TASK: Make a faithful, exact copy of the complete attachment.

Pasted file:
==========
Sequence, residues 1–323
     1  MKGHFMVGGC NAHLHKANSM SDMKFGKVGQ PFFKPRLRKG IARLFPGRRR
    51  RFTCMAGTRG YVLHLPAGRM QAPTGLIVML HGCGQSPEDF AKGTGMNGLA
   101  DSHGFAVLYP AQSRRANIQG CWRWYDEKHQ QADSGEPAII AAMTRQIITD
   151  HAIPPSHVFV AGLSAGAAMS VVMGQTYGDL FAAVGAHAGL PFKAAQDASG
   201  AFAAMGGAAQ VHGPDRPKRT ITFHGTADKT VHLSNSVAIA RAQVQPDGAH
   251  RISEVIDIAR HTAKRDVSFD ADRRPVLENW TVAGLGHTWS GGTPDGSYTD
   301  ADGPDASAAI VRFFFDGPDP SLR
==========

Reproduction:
Sequence, residues 1–323
     1  MKGHFMVGGC NAHLHKANSM SDMKFGKVGQ PFFKPRLRKG IARLFPGRRR
    51  RFTCMAGTRG YVLHLPAGRM QAPTGLIVML HGCGQSPEDF AKGTGMNGLA
   101  DSHGFAVLYP AQSRRANIQG CWRWYDEKHQ QADSGEPAII AAMTRQIITD
   151  HAIPPSHVFV AGLSAGAAMS VVMGQTYGDL FAAVGAHAGL PFKAAQDASG
   201  AFAAMGGAAQ VHGPDRPKRT ITFHGTADKT VHLSNSVAIA RAQVQPDGAH
   251  RISEVIDIAR HTAKRDVSFD ADRRPVLENW TVAGLGHTWS GGTPDGSYTD
   301  ADGPDASAAI VRFFFDGPDP SLR